She discovered after this incident that attempted rape was considered a misdemeanor and the police were not inclined to even look for the man—even though a man not yet apprehended had raped and killed women in Milwaukee using the same tactics. She called the Mayor to yell at him and said the law had to change. Within a year it had, thanks to her efforts. So perhaps a little self-promotion can be forgiven.
Her writing about sex is also rife with prejudices against older men, but again, considering her history of abuse, perhaps this too can be forgiven.
In the essay draft, she cuts references to three miscarriages and two abortions. Even in the late 1970s, even by Jani Mace, this was considered too much. But she does include the following section about the younger feminists who lifted her up in her fifties, when she was divorced for the third time and finally knowing she could live on her own:
The world had been beating her down since she was young, and even so she earned a teaching degree in the midst of her third and most abusive marriage, walked out one day, moved half way across the country, found work as a teacher of remedial reading in inner city Milwaukee, bought her own house in the city, and became a feminist activist who fought passionately for her students.
"My experience in a CR [consciousness raising] group for the first time exposed me to women as friends. It also provided me with the knowledge that I was not some kind of latent nymphomaniac, and washed away years of guilt over my divorces…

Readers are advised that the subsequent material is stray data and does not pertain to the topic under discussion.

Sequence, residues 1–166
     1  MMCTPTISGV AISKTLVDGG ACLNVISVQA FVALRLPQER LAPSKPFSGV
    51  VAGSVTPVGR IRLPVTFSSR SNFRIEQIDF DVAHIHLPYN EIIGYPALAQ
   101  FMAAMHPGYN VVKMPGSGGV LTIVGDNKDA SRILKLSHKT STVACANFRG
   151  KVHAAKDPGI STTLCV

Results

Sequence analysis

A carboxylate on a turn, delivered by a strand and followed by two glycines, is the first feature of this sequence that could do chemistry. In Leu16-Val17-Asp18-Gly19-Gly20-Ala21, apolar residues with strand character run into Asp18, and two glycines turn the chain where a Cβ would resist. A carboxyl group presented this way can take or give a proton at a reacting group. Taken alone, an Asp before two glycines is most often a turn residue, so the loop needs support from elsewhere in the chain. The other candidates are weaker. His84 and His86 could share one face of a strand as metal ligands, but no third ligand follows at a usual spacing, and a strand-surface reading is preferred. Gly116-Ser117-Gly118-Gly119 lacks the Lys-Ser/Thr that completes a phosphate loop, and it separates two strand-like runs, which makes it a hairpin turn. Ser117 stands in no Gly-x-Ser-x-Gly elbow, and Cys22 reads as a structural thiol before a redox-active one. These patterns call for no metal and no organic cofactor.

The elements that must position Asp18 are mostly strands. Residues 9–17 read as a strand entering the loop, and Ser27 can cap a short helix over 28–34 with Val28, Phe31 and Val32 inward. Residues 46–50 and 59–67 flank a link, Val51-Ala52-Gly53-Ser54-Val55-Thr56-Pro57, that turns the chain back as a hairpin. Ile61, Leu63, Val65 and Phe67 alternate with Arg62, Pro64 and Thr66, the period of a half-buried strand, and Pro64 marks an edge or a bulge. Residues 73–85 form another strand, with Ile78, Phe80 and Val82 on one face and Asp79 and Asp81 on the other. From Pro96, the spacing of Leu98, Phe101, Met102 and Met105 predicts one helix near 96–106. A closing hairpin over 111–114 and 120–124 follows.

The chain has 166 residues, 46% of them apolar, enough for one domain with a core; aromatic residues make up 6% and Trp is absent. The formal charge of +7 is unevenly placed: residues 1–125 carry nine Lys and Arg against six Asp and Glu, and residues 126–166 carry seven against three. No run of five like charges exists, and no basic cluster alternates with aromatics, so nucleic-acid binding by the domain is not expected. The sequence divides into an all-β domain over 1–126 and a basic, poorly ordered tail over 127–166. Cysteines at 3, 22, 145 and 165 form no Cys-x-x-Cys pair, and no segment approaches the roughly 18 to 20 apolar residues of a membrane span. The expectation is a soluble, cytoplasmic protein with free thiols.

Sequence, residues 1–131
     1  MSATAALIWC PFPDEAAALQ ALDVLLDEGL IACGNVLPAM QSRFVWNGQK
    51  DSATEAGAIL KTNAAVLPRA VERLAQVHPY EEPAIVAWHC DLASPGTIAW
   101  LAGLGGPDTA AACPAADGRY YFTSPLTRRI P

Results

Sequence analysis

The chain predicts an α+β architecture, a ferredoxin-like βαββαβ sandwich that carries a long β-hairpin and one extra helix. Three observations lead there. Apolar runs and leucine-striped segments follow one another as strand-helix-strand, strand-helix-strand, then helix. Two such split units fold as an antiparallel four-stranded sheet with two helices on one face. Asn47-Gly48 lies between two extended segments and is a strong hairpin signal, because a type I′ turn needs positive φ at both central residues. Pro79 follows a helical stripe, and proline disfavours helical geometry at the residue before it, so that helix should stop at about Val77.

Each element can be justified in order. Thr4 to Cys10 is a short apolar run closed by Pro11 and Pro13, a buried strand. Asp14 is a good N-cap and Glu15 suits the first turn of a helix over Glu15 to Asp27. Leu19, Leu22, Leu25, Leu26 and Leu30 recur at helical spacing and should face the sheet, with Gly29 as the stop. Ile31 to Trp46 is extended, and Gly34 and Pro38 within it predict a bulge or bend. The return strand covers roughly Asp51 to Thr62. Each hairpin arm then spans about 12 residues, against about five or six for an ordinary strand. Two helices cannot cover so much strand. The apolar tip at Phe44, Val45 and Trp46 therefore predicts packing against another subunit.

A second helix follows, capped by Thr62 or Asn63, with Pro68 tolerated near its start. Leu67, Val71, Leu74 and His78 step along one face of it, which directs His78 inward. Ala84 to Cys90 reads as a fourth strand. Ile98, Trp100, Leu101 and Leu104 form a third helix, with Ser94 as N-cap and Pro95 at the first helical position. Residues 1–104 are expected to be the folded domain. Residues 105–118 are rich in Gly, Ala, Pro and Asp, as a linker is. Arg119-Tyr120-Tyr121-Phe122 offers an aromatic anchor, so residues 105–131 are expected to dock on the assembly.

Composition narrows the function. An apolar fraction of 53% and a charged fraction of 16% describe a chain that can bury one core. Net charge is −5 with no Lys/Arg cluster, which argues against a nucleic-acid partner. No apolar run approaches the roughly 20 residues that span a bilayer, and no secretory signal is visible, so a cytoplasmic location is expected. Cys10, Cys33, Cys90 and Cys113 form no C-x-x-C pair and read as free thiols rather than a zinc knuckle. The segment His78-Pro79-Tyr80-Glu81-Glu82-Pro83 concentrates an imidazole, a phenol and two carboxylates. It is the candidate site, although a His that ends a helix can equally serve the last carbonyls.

"They were supportive of my love affairs and became my personal claque. I guess they figured that if I could achieve sexual parity at my age, there was hope for them when they were beyond their fertile years. It was a new kind of ‘right’ to add to their lexicon. I'm not sure otherwise what I was to them, except the voice of experience, a role model. To me they were angels of light. They healed the bullet wounds, even though the sight of my own blood still frightens me if the scar tissue is lifted, and there are times it still is."
Both the pride and vulnerability of her writing is what slays me. She goes on to write about romance and sex, and how she doesn't want to see anyone in the morning. The writing is funny and boastful, and the portrait of someone having a really good time. Of course that was not always the case, but given the fact that in 1979 a woman was writing proudly about having really good sex with multiple younger lovers while living independently at age 62 is kind of amazing.
In another essay she wrote two months later about growing older, she recounts an experience she had when in the middle of drafting her first novel in an isolated farmhouse in Door County, Wisconsin. While she never told me this story, it was her capacity for this kind of complex creative-emotional insight that I cherish most as her legacy:
"Late one afternoon, while reading some previously written chapters, I heard an agonizing scream that seared my soul. I sat rigid. It had to be me! There was no one else there.
"I ran out the door and scrabbled my way up a rocky cliff. At the top I threw myself on the ground and screamed and sobbed into the hot grass for over two hours. I hadn't wept tears like that in a whole lifetime. I am not a weeper.
"Shaking and half-blind, I finally returned to the solace of the little house. My hands and knees and bare feet were raw and bleeding.
"For many nights after that, I was wary of unseen fears I imagined coiled like snakes in dark corners waiting to sink their fangs into me. They never did and my apprehension gradually subsided.
"A marvelous peace grew in its place as I faced what this book was all about. Me.
"I made a determination. Nothing would ever lie buried in the center of me to rise and strike me down with such ferocity…
"I have become protective of my nexus…my essential core…I'm building the ‘room of my own’ that will see me through the physical aging process."
When she was 58 (my age now), Jani single-handedly spearheaded a successful campaign to change the rape laws in Wisconsin, after a man made the mistake of trying to rape her on her doorstep.